“Now the district Attorney said he might have forgiven/ You had lots of reasons to turn out that way/ But you’ll both go to jail for them four little babies/ You made and delivered along the way/
Last night you had a dream about a lord so forgiving/ He might show compassion on a heathen he damned/ You awoke in a jail cell alone and so lonely/ Seven Years in Michigan…
The Deeper In, The Drive By Truckers.
There’s something about works about the South, and southern writers in general. In Southern literature the wounds run deeper, and the pain from them hits the marrow.
The Southern Gothic is perhaps the hardest form to write in. At its best, it simply is the best that American literature has to offer; The Faulkners, O’Conners, Mc Cartheys, Capotes, Percys, Twains, Williams, Lees, and Morrisons, all sons and daughters of the southern vernacular.
At its worst the Southern Gothic becomes a kind of car wreck. Devolving into a honkey faced minstrel show. Displaying a grotesque mixture of poverty porn and the implicit smug moral superiority of the viewer over the smug brain dead hicks on display like petting zoo animals. Or as Noel Murray so succinctly summed it up, “yet another set of college dropouts in nudie suits and bolo ties, singing songs about mining disasters in affected accents.”
While it’s always a slippery slope playing the card of “authenticy” particularly as I'm not from the region in question. But there is perhaps no style in which its absence is more immediately noticeable then the southern one.
This is all my long winded way of saying that Winter’s Bone is definitely NOT one of those pathetic works. It’s a bone hard film, weary, with a bruised heart that stands as one of the greatest crime films in the past decade (which has been a damn good one for crime films) one of the greatest works of the southern gothic in the same time period, and as far as I’m concerned the best film of the year.
The story of a Ree, young girl basically the head of her family given that her mother is insane, and her father has disappeared with no one really expecting him to turn up again. This would be less of a problem had her father not made his last act to sign over their house as collateral for his bond. And as his court date approaches it seems more and more likely that they’ll be turned out of their house, where for all the talk of southern hospitality, it looks as if their friends and neighbors will more or less leave them to die.
But the girl’s smart and tough, a survivor. So she goes searching for her father, or at least what remains of him. Asking increasingly dangerous questions of increasingly dangerous people, as we the audience sit there helpless, the bottom dropping out of your stomach a little more with each encounter.
Winter’s Bone is one of those movies that etches its characters and place in sharp unforgettable detail. The mountain of the woman who sings faux obliviously while Ree questions her Father’s mistress, every other eye in the room upon her. The new garage door that shuts on an old barn in a shot that feels like the end of hope. The burned husks of trailers and cars that dot the landscape. The film knows what it’s talking about.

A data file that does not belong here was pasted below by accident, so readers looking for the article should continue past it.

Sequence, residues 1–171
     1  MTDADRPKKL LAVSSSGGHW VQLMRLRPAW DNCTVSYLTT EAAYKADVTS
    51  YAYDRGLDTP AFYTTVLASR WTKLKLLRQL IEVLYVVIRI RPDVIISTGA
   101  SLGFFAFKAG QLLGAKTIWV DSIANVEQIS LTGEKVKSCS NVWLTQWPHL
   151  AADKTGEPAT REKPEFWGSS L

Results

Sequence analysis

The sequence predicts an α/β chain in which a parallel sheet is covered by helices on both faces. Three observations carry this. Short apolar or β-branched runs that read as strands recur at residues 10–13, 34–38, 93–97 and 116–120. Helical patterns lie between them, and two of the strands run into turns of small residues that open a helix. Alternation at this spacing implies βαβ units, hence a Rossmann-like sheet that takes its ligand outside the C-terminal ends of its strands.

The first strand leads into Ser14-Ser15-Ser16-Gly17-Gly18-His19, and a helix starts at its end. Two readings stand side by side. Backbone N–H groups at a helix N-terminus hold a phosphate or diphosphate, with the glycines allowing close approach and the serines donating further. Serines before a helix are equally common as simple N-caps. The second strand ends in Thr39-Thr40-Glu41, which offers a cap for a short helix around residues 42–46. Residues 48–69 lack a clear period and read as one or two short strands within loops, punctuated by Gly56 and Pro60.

It’s a character driven movie, and a damned good one, people who get one line (“If you have something to say. Now’s the time to say it.”) are deeper drawn then the main characters of most films. And the ones who are actually invested in, like Ree’s Uncle Teardrop; the greatest dead eyed, lunatic, ax wielding, tweaker anti hero you’re likely to come across this side of Under The Dome, are simply unforgettable. Teardrop, played by John Hawkes, in the performance of the year as one of the most complex, fascinating characters I've seen in a movie in ages. He looks like the rotting corpse of Harry Dean Stanton, acts with the frazzled half sparked, perversely logical, thinking of a real meth head, and is motivated by a love as genuine as it is profoundly fucked up. If Hawkes doesn’t win an Oscar, which he won’t because he’s you know a fifty year old character actor not a movie star, it really will prove the system a more or less complete sham.
But even he pales in comparison to Ree. I can’t remember the last time I became so invested in a character. The night before I saw Winter’s Bone I saw Machete, during which I saw heads chopped off, intestines used as rappel ropes, and gun shot wounds without number, all generating no more reaction then, “Well that looked neat.” If anything Winter’s Bone proved that I am not desensitized to violence, merely its presentation, because there’s a scene here in which a cup of lukewarm water is thrown in Ree’s face, and I damn near screamed in the theater.
Winter’s Bone is one of those movies, that makes you realize just how assembly line, borderline worthless, and lazy, most other films are.